This line-up of stories will help you discover the latest happenings around the tech world, today.
1. Nigeria’s foodtech startup, smallChops, looks to expand venture
Lagos-based food aggregator startup, smallChops, has revealed plans to expand into other cities in Nigeria as well as many others across Africa.
The development comes after the startup recorded a 20 per cent month-on-month growth since the onset of the COVID-19 pandemic.
The startup, which was founded by Uche Ukonu, was launched in August 2016, to allow users order different finger food.
Through the effort of the startup, users can get “small chops” packages straight to their homes or any location through its website and other channels like WhatsApp, Instagram, and a call centre.
Speaking of the vision of the startup, founder and chief executive officer (CEO) Uche Ukonu stated that he started the venture to offer customers food aggregator services.
He said: “Our initial model was to aggregate orders from the internet and push to verified vendors to produce, but we faced the same issues as all marketplace-based food delivery business models – operational and logistical setbacks with managing the entire process.
“Without the funding to stay afloat, we backward integrated and started to produce the finger foods ourselves, giving us control over the entire value chain, from order placement to delivery.”
Tech Trivia: In which decade was the Sony Walkman launched?
Answer: See end of post
2. Pan-African fintech startup, KamPay, launches blockchain-based payments
KamPay, Pan-African fintech startup, has announced launching a blockchain-based financial platform.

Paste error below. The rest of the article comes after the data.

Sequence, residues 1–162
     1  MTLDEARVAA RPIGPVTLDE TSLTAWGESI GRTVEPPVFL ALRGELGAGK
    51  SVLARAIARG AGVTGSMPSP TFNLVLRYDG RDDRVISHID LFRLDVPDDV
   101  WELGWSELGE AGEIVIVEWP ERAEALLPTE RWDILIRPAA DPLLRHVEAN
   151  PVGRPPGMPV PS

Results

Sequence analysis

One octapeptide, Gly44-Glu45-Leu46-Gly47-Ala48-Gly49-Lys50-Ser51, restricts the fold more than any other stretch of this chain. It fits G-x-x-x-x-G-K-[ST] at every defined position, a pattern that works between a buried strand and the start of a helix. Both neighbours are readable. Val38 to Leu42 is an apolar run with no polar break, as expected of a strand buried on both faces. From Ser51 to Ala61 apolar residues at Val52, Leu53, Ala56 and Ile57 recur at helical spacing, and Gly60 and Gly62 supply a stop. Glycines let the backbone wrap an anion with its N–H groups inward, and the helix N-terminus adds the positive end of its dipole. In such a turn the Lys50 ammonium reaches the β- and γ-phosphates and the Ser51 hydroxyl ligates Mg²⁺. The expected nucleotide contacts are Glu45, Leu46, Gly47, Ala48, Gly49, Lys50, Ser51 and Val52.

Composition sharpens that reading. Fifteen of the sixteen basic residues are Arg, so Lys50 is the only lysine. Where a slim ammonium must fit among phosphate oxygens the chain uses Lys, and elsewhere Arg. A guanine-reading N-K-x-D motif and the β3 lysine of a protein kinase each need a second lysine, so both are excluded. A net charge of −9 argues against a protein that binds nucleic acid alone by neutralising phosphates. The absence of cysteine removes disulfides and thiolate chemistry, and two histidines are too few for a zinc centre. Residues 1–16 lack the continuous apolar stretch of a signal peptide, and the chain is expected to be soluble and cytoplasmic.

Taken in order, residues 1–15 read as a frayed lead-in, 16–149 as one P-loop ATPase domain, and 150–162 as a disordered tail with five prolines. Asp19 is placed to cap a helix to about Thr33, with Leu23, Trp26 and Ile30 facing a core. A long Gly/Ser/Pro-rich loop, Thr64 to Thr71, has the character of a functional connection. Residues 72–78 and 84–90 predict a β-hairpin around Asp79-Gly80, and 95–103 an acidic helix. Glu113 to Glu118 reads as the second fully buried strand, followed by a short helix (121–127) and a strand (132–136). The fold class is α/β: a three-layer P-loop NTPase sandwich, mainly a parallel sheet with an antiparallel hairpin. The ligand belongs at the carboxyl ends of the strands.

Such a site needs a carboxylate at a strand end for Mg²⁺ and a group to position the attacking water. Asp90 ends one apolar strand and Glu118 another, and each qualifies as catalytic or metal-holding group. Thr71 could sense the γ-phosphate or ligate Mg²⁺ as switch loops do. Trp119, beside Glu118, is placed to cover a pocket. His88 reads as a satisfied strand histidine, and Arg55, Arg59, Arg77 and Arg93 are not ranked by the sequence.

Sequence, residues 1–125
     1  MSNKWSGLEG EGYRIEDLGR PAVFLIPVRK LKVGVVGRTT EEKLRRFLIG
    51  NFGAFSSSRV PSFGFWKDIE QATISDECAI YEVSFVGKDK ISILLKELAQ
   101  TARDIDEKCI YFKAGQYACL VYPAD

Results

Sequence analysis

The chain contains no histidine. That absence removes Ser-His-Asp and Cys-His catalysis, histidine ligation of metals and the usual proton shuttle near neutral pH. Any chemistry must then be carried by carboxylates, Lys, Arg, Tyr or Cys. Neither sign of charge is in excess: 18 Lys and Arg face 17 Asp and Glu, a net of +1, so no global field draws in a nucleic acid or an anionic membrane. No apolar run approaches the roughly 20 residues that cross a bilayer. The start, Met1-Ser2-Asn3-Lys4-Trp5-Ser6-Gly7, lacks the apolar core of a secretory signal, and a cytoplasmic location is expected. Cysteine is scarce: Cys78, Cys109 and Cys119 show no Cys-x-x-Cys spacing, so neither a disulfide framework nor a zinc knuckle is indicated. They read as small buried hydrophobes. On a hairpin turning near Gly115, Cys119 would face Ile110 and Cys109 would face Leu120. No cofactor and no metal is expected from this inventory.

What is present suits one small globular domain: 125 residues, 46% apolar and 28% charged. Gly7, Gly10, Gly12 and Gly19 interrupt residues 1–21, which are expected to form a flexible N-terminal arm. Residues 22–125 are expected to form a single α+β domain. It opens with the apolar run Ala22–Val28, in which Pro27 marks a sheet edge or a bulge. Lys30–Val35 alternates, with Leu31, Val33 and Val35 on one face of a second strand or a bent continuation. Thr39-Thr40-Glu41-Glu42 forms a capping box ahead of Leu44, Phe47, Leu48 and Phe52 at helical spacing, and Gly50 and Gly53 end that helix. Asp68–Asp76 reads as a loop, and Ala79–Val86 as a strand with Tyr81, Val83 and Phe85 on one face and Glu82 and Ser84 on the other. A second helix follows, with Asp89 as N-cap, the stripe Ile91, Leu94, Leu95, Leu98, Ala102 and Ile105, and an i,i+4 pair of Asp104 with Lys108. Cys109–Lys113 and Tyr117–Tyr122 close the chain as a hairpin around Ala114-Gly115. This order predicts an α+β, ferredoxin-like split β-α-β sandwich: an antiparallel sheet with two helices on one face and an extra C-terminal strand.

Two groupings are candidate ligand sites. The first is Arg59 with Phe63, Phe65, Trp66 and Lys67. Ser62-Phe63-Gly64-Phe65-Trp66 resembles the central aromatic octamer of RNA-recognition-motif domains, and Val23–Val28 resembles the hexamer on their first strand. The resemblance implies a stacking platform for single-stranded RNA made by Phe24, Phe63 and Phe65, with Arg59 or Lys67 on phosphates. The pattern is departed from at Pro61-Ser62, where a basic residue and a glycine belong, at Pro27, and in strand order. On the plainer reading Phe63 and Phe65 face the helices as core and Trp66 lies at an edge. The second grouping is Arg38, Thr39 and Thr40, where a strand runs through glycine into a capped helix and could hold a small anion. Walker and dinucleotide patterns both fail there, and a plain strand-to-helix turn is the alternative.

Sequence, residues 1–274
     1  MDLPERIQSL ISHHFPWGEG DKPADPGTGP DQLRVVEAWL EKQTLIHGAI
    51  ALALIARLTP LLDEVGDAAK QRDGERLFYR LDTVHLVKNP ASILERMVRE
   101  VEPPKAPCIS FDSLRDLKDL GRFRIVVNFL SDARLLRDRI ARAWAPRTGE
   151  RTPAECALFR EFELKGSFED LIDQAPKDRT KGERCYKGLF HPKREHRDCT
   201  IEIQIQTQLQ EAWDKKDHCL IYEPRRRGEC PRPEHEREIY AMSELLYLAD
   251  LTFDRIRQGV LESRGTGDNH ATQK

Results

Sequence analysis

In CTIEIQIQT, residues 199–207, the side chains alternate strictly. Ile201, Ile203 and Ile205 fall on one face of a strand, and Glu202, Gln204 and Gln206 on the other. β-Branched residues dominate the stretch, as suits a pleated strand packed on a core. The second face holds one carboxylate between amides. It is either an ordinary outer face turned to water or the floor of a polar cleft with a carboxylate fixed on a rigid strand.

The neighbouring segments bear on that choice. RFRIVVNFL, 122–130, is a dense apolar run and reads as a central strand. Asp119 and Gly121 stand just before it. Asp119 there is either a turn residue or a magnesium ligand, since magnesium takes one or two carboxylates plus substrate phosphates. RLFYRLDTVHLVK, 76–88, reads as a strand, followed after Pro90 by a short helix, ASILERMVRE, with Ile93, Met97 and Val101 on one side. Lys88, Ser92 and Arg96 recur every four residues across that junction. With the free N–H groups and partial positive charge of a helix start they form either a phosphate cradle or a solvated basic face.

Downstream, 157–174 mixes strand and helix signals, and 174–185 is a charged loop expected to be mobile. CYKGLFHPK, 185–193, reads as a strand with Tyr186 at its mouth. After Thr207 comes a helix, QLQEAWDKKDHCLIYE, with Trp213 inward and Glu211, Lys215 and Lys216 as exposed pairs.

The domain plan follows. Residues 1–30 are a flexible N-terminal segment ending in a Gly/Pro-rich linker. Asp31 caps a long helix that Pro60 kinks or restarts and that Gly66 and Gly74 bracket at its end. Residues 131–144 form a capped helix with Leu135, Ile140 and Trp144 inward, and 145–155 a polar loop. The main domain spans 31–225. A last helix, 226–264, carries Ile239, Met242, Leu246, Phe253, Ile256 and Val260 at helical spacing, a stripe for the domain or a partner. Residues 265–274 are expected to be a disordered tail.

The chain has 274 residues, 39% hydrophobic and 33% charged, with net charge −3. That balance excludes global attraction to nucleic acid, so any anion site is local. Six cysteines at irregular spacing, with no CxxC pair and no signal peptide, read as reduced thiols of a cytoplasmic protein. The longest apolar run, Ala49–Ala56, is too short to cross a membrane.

The new platform comprises a digital wallet and token, which combined with ZymPay, a fiat payment gateway that presently exists between South Africa and Zimbabwe.
The facility is expected to ensure easy crypto-to-fiat exchanges and encourage simple onboarding with fiat, whether it be Zimbabwe dollars or U.S. dollars.
According to sources familiar with the startup, the wallet is said to include messaging, which works like an encrypted blockchain messenger, as well as a lottery.
Chris Cleverly, KamPay’s chief executive officer (CEO), stated that the business is itself attractive as it serves the lottery community.
He said: “The main onboarding model is to use lottery tokens. There’s nothing else that can get people to sign up to something like lotteries can, and a lottery is a powerful engagement channel.
“The first premise is that, you know, you get into KamPay, you get into the lottery. There’s a chance for you to win a lot of money. The money will also be made and will also go into social causes, which you’ll be able to see and benefit from, community policies which will affect you in your community.”
Tech Trivia Answer: 1970s
A device as astonishing on first encounter as the cellular phone or digital camera would later be, the Sony Walkman went on sale for the very first time on July 1, 1979.
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